After a busy Christmas period we are readjusting to school and work starting again. A January back in Belfast was always an extremely quiet affair, spending most of the month inside and trying to get the bank balance and waistlines back to pre-festive season levels. Being in Albufeira, we are able to spend more time outside and my favourite part of the day is fast becoming my early morning espresso in the sunshine overlooking the pool. At this time of year we are especially grateful for the more favourable climate.
Staying warm at night
The temperature during the day in January has been fairly consistent in the 15 and 18 degrees range. The sun rises around 7.30am just as we are getting ready for the school run. However, we’re learning that its really important to get the doors and windows closed up around 4.30pm latest as the temperature drops quickly. We are in a traditional Portuguese building with no central heating or air conditioning system. This means its designed to keep the heat out in summer, but is also useful for keeping heat in during winter making it important to get airtight before the sun goes down bringing the cooler air. We’ve now got two electrics heaters and plenty of warm blankets. Evenings cuddled together on the settee are a norm so make sure you don’t have a January family argument or you’ll literally have the cold shoulder!
This week we had a strange cold snap though. The maximum temperature on Wednesday and Thursday was around 9 degrees and in the evening we were barely above zero. This seemed to be a surprise to everyone around us and in Tavira we saw news footage showing the first flurries of snow in the Algarve since 1954!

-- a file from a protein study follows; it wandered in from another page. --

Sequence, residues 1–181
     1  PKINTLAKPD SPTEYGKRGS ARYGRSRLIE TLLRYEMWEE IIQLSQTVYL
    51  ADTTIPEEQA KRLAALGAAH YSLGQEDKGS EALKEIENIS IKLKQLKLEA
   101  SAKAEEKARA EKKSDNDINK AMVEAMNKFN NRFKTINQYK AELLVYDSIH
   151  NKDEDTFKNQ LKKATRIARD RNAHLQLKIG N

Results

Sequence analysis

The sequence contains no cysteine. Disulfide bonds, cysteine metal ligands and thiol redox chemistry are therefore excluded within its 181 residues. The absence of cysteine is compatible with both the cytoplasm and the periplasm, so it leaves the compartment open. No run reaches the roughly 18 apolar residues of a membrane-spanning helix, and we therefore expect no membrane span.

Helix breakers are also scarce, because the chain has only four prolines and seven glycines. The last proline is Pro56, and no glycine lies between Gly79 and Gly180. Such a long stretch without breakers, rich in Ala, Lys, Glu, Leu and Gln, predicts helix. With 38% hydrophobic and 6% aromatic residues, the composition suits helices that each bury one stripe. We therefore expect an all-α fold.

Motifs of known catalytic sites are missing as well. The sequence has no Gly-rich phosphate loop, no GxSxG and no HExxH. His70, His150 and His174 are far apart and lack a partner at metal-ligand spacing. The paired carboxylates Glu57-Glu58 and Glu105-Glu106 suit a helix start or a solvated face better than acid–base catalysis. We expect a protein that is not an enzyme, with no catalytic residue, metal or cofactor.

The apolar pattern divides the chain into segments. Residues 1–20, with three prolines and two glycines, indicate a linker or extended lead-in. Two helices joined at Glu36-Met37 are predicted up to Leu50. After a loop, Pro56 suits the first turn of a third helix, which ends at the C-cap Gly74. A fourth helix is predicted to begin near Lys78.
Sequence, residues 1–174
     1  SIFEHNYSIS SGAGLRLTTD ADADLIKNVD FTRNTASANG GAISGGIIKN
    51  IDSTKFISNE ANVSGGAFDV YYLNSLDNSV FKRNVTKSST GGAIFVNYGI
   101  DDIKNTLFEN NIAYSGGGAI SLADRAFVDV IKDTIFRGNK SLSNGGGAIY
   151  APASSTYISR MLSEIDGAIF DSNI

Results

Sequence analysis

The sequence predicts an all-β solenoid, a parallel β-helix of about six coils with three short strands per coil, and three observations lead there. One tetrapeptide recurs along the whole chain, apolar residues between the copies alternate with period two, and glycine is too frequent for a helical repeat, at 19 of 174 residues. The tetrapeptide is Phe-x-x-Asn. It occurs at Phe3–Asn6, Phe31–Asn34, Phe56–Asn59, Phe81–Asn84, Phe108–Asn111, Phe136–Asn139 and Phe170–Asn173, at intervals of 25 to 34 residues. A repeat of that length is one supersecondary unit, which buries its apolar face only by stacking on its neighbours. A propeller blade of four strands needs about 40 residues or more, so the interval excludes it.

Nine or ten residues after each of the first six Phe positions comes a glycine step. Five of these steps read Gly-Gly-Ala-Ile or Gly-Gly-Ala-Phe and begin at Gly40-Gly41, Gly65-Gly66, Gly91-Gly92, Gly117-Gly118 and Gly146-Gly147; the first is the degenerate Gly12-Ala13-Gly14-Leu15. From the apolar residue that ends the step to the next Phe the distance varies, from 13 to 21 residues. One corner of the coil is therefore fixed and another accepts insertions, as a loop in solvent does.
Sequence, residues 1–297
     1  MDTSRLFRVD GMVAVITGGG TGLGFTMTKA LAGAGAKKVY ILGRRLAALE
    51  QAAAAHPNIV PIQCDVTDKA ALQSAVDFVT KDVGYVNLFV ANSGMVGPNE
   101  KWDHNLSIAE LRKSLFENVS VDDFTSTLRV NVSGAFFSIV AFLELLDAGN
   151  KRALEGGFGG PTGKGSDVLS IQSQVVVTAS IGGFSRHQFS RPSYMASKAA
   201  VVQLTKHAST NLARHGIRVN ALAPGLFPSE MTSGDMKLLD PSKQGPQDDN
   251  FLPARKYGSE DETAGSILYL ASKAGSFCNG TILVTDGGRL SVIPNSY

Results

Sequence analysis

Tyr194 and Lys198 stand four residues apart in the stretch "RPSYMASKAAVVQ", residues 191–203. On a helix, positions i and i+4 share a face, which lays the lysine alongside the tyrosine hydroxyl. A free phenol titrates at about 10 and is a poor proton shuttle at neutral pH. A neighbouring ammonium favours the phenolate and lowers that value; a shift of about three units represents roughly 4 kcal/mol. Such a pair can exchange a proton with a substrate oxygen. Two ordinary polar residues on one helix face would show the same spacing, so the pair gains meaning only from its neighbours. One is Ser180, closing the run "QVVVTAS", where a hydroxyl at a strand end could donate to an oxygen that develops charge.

Shock Football Results
We’re a football mad family and have been getting into the local Portuguese football scene. The past week in January has seen some surprising football results.
Firstly, last Saturday, Benfica, league leaders and in fantastic form, found themselves 3 nil down at home to Boavista after only 25 minutes. They eventually recovered to draw 3 all in what was a great match to watch on TV with the locals. Later that evening Sporting, who have been struggling badly of late, failed to capitalise on Benfica’s slip and conceded a late equaliser to Chaves to also draw 2 all.
Chaves are in the first season back in the Primera Liga after 17 years. During the week they found themselves playing Sporting again, this time in the Taça de Portugal (the equivalent of the FA Cup). Surely Sporting wouldn’t slip up again, but indeed they did, conceding a late goal to lose one nil. Sporting have now been knocked out of both Portuguese cups after a controversial exit pre-Christmas in the Taça da Liga (the Portuguese League Cup). Their week didn’t improve as they yesterday scraped another two all draw away to Maritimo, twice being behind. The Sporting manager Jorge Jesus is a controversial character after joining Sporting directly from Lisbon rivals Benfica – he now finds himself under big pressure to keep his job and we will watch that story with interest.
We are trying to practise our Portuguese by watching the local news channels. In a month when Donald Trump became the 45th US President to widespread disdain, one story that stood out was the affection the Portuguese people showed in mourning the death of one of their previous Prime Ministers and Presidents, Mario Soares. Soares had been Prime Minister 3 times, served a 10 year Presidency and was a key figure in post dictatorship Portugal. On the news we saw a simple billboard which said “Mario Soares, Obrigado” (Thank you Mario Soares). I wonder will Donald Trump receive the same tribute in future years?!